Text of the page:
1:08 am - Thursday December 14, 2017

Preparing Burned Areas for Storms

Waldo Fire with Pikes Peak in the background

Photo by Daniel Chaparro

*The recent Waldo Canyon Fire on the Pike National Forest has changed the watersheds within the burned area and increased the potential for flooding and mudflows that could impact several communities adjacent to and downstream from the Forest.


*  Although mudflows can be a frequent occurrence after a wildfire, the effects of the Waldo Canyon Fire on the watersheds need to be determined.


*  The Forest Supervisor for the Pike & San Isabel National Forests, Cimarron & Comanche National Grasslands, assembled a Burned Area Emergency Response (BAER) team to assess the condition of the watersheds that were burned in the Waldo Canyon Fire.


*  One of the most effective BAER treatment is interagency coordination with local cooperators who assist affected landowners prepare for rain events.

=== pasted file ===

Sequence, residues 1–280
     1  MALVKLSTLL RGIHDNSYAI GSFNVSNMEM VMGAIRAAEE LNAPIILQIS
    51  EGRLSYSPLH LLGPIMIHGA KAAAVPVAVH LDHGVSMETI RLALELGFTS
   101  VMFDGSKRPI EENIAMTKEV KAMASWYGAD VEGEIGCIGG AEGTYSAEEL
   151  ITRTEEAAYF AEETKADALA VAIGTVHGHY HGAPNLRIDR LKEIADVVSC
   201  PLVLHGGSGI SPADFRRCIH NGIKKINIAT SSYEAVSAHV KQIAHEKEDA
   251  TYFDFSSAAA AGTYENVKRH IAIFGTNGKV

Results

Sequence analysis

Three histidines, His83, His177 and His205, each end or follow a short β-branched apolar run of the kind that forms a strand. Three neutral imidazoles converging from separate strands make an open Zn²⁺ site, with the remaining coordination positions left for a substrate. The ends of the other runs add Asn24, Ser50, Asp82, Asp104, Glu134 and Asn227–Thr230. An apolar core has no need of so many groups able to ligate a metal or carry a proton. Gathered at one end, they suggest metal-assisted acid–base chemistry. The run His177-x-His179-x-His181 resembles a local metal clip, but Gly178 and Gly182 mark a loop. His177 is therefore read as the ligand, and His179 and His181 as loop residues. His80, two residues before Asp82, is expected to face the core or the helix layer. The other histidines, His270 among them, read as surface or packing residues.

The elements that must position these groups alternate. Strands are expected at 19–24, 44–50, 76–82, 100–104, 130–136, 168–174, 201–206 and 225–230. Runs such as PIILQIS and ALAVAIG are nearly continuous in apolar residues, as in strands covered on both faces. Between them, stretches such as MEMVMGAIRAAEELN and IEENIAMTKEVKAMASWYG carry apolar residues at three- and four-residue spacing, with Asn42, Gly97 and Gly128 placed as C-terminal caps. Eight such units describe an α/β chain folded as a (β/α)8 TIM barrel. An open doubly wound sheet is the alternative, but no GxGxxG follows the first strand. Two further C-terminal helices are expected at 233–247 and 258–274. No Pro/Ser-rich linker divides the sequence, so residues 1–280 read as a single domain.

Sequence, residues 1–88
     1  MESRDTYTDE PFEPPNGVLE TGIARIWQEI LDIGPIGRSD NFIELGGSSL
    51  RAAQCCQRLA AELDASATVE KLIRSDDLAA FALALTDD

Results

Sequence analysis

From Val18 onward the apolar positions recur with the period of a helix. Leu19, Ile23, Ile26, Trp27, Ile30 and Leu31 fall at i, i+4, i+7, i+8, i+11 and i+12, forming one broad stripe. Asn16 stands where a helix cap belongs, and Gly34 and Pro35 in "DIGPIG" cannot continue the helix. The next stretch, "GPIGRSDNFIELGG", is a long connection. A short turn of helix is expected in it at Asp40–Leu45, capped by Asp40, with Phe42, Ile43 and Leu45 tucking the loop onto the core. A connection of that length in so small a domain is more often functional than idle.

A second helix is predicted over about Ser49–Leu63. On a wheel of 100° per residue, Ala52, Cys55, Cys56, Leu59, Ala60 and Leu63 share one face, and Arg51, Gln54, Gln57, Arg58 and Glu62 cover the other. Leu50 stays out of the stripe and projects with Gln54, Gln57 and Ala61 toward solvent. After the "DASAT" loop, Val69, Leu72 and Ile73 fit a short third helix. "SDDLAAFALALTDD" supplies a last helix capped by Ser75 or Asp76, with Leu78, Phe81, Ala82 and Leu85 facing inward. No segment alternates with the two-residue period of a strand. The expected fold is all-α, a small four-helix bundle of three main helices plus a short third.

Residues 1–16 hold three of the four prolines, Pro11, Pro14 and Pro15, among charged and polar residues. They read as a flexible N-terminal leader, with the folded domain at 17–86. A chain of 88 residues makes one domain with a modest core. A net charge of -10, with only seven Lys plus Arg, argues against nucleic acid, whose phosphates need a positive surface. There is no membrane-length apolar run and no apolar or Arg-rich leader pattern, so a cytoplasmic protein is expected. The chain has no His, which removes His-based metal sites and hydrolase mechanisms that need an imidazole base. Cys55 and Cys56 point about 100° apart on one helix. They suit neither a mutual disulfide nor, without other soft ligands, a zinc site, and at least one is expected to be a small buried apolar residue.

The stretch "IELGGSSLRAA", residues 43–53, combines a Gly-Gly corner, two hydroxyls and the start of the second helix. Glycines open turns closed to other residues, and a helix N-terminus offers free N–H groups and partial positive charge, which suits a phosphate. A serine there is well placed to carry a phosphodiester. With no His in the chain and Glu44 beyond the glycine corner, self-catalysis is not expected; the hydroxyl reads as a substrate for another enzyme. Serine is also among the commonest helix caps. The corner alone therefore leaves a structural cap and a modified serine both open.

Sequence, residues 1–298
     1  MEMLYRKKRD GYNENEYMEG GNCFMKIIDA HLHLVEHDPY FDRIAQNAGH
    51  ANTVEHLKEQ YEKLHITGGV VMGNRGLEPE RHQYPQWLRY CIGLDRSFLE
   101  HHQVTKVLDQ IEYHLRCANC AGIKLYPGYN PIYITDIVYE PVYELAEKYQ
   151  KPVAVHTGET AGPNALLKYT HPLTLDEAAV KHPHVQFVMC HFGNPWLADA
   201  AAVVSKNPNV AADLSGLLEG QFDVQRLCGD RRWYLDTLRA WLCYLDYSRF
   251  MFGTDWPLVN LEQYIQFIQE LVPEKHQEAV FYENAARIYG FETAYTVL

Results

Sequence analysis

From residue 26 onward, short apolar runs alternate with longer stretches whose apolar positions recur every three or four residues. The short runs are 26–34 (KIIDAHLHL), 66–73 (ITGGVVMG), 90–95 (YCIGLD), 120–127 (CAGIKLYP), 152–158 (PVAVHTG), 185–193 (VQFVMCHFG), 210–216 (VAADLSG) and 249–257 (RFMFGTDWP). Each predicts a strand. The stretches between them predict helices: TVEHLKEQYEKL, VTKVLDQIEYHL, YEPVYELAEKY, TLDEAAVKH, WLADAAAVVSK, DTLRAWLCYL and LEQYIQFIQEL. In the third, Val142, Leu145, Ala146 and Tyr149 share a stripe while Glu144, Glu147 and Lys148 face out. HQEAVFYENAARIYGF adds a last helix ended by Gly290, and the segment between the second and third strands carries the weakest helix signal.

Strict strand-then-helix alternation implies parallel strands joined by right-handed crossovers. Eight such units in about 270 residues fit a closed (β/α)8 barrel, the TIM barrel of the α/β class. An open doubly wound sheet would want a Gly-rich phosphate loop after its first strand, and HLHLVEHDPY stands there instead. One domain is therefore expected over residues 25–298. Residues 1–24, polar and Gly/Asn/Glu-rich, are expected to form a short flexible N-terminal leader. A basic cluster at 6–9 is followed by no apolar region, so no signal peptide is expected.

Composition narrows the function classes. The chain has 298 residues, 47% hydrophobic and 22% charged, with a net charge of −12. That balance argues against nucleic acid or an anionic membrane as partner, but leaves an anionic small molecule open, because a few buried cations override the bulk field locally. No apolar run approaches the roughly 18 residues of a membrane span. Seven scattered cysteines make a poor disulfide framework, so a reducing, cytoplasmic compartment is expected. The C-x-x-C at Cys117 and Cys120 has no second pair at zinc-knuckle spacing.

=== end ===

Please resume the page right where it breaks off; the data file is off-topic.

*  Multiple Agencies are working together with the BAER team looking at the full scope and scale of the situation to reduce the potential threats to life and property; however, residents need to take steps to protect themselves and their property from a flood event:

§  Monitor local weather reports and public safety bulletins, along with local road closures, emergency notifications, and media alerts.

§  Follow local county advisories and act accordingly — for your safety.

§  Prepare for the monsoon rainstorms by being prepared to evacuate if county officials determine that flash floods and mudflows are expected which could pose an increased threat to life and property.

§  Know and be alert to environmental signs of dangerous weather conditions and be prepared to take action that can save lives.

§  Understand that all canyons along the Front Range and those associated within the burned area can produce flash floods.

§  And, if you find yourself in a flash flood, climb to safety (seek higher ground).





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